-15

This question already has an answer here:

Is there a level at which a user who was not the asker of a question can change the accepted answer for a question? In most cases the asker will know what fixed their problem, but some are more fact-based and you can sometimes see a consensus growing that the accepted answer is not the best (e.g. a different answer gets way more votes than the accepted). It seems like if such a consensus becomes evident, an expert user should have the privileges to change the accepted answer to account for those cases when a user accepted an answer too quickly.

marked as duplicate by Louis, Infinite Recursion, Unihedron, James A Mohler, HaveNoDisplayName May 20 '15 at 13:51

This question has been asked before and already has an answer. If those answers do not fully address your question, please ask a new question.

  • 4
    I hope not. Though I have occasionally seen ample reason for wanting that pivilege, I don't think anyone should have it. – Martin James May 20 '15 at 12:58
  • 1
    It can be abused by them (great power comes with great responsibility, but still). OTOH, the number of upvotes doesn't make the answer more correct (happened sometimes) – Andrew T. May 20 '15 at 13:17
  • The very point of having votes is to weed out good and bad content. If something gets a disproportional number of positive votes, it wins! That is what determines correctness on StackExchange, distributed opinion. You guys are surprisingly opposed to this notion. – adamconkey May 20 '15 at 13:33
  • 2
    the key is [the OP] will know what fixed their problem. So they get to award the accepted bonus. Other answers may resolve the problem for a wider range of users, so they are rewarded with UpVotes, which in some regards are more valuable than the +15 acceptance points – Nat Pongjardenlarp May 20 '15 at 13:46
  • Then the ordering should at least be different. Put the highest voted answer first, followed by the accepted, followed by descending order of high votes. Readers should get the best info first and not waste time on potentially lousy answers. – adamconkey May 20 '15 at 13:50
  • Isn't there a post on here on why the accepted answers isn't necessarily the best? I can't find it but I think the OP should read it – NathanOliver May 20 '15 at 13:51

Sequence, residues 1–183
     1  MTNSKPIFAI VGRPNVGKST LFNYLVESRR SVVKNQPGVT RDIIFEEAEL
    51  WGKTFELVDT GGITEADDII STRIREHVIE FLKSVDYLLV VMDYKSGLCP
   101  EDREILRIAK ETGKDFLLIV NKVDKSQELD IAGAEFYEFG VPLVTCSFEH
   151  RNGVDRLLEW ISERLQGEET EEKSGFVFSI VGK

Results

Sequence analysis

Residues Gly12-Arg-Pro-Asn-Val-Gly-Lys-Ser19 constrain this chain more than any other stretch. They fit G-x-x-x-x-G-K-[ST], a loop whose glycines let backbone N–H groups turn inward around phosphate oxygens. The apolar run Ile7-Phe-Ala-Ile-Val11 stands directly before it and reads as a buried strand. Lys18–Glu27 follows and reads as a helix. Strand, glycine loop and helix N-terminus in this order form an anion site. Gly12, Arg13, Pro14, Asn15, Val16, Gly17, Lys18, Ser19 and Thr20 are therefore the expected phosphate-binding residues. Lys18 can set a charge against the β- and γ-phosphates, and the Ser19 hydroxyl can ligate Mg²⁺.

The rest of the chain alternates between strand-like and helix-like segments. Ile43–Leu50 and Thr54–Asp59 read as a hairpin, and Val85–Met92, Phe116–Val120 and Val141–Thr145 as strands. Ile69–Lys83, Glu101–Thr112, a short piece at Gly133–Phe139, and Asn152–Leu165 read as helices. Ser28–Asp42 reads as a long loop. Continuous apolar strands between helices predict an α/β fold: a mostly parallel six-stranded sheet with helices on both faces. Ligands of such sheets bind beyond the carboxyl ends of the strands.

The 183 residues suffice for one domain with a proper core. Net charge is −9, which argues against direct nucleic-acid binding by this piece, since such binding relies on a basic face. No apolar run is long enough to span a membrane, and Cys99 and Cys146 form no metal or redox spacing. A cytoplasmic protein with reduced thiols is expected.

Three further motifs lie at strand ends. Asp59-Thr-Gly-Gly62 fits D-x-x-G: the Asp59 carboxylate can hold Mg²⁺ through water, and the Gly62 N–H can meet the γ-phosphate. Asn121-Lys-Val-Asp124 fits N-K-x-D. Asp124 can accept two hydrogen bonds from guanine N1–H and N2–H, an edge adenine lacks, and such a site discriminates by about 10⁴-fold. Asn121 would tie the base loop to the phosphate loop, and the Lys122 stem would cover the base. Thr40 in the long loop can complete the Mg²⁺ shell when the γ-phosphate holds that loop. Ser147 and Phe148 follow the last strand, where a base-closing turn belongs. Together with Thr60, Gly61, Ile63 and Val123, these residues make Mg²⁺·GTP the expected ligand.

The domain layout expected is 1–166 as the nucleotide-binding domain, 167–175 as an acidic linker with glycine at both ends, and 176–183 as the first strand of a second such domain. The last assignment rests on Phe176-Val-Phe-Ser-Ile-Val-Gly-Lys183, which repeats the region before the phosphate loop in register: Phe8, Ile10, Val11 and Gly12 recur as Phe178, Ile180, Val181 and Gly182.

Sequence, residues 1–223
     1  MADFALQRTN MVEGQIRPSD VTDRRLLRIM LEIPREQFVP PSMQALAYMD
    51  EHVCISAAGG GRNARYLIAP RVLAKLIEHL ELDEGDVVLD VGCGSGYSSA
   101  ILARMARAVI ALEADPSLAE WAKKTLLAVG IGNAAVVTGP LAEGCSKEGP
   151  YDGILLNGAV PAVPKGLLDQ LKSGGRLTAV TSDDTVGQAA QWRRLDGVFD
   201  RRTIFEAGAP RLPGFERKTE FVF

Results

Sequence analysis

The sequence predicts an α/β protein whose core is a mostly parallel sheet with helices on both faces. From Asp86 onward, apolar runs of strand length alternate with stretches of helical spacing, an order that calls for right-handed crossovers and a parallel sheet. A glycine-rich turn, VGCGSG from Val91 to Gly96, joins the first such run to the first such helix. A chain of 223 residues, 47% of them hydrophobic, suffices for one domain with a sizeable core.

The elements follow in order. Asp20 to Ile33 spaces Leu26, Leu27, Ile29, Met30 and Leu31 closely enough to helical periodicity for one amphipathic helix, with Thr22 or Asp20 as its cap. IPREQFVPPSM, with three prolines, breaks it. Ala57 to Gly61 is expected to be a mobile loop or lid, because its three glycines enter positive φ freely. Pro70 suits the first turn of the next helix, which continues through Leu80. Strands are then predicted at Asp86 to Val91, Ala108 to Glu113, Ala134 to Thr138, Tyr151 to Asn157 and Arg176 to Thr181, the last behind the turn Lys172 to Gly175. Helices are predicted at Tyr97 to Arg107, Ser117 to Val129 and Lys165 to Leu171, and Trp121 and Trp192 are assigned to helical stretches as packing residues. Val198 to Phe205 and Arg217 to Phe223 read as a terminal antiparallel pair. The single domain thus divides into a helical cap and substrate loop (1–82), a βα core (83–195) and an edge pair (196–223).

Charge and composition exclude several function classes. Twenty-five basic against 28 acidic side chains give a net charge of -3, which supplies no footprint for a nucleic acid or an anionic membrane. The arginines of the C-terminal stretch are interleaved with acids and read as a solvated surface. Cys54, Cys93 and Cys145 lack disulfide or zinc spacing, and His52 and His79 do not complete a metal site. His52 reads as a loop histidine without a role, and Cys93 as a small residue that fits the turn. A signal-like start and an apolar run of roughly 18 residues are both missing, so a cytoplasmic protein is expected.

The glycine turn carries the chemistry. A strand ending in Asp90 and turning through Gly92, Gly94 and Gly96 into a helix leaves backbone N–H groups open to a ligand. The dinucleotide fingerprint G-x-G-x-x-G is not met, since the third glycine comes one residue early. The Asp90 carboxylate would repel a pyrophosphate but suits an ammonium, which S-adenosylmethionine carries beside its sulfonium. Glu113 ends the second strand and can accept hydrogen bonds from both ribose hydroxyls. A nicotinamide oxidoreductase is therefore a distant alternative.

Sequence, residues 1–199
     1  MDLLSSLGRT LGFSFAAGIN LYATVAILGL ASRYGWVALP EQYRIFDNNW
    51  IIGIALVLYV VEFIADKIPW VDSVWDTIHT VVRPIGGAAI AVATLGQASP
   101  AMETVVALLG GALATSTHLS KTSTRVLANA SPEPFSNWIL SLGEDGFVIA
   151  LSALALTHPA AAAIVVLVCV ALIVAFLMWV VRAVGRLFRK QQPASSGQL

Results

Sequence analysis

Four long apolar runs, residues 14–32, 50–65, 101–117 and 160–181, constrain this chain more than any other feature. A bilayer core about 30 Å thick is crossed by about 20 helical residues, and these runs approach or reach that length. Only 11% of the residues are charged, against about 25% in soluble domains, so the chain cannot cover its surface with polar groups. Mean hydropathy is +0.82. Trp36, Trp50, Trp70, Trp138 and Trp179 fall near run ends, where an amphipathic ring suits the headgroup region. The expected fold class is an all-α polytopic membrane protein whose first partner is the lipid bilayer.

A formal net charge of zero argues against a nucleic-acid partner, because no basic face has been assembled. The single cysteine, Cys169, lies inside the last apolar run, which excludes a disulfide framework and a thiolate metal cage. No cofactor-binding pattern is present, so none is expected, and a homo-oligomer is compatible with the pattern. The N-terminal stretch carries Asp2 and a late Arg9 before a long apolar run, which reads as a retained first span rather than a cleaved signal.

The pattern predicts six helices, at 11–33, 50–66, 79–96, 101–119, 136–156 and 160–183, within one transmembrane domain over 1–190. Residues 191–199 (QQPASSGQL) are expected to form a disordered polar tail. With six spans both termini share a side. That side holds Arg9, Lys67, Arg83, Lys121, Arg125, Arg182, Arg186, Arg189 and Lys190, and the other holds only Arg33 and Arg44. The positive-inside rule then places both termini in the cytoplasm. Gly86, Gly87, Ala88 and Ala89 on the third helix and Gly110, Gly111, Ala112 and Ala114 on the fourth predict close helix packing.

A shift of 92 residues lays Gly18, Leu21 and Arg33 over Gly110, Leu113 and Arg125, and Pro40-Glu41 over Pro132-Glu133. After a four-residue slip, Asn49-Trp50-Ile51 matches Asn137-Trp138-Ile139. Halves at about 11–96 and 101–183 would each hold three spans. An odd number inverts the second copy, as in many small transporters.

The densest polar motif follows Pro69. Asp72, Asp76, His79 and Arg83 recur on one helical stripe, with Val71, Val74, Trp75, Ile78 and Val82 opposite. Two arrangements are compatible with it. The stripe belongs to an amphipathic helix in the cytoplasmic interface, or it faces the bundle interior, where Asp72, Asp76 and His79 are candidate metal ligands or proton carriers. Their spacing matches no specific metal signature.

• 2
    readers should have the good sense to read all the answers, even any DV'd ones, and decide for themselves which parts of which answers to implement. Blindly reading only the accepted answer is just a form of cargo cult programming. – Nat Pongjardenlarp May 20 '15 at 13:55
5

Alright... I thought I'd pass on this one but when I saw this comment from the OP:

The very point of having votes is to weed out good and bad content. If something gets a disproportional number of positive votes, it wins! That is what determines correctness on StackExchange, distributed opinion. You guys are surprisingly opposed to this notion.

That's surprising only for someone confused about what the acceptance mark means. Here's a refresher, from the page that explains what the acceptance mark means:

Accepting an answer is not meant to be a definitive and final statement indicating that the question has now been answered perfectly. It simply means that the author received an answer that worked for him or her personally, but not every user comes back to accept an answer, and of those who do, they may not change the accepted answer if a newer, better answer comes along later.

So Alice asks a question and Bob answers in a way that Alice found helpful (and hopefully, correct). So she accepts Bob's answer. Then Charlie comes a year later and posts a better answer. Now, the problem is no longer current for Alice so she does not evaluate Charlie's answer, but it still gathers upvotes from other people. Arguably, Charlie's answer is just better. No dispute. However, by what rationale can anyone claim that Charlie's answer "worked for [the OP] personally"?

  • Fair enough, point taken. I would prefer to see highest voted answer shown first, followed by accepted. – adamconkey May 20 '15 at 14:05
  • 1
    More people are favorable to the notion of arranging the order of the answers as you suggest (me included, actually) than to the notion of giving someone else than the OP the ability to set the accepted answer. I don't recommend putting in a feature request for changing the order though because it's been asked multiple times already. – Louis May 20 '15 at 14:07
5

Only the person who asked the question can accept or change an accepted answer outside of a case where there is a bug and a stack exchange employee can change the data in the database to change the status of an answer. It would most likely happen in the case of a bug such as in the case of two accepted answers.

Not the answer you're looking for? Browse other questions tagged .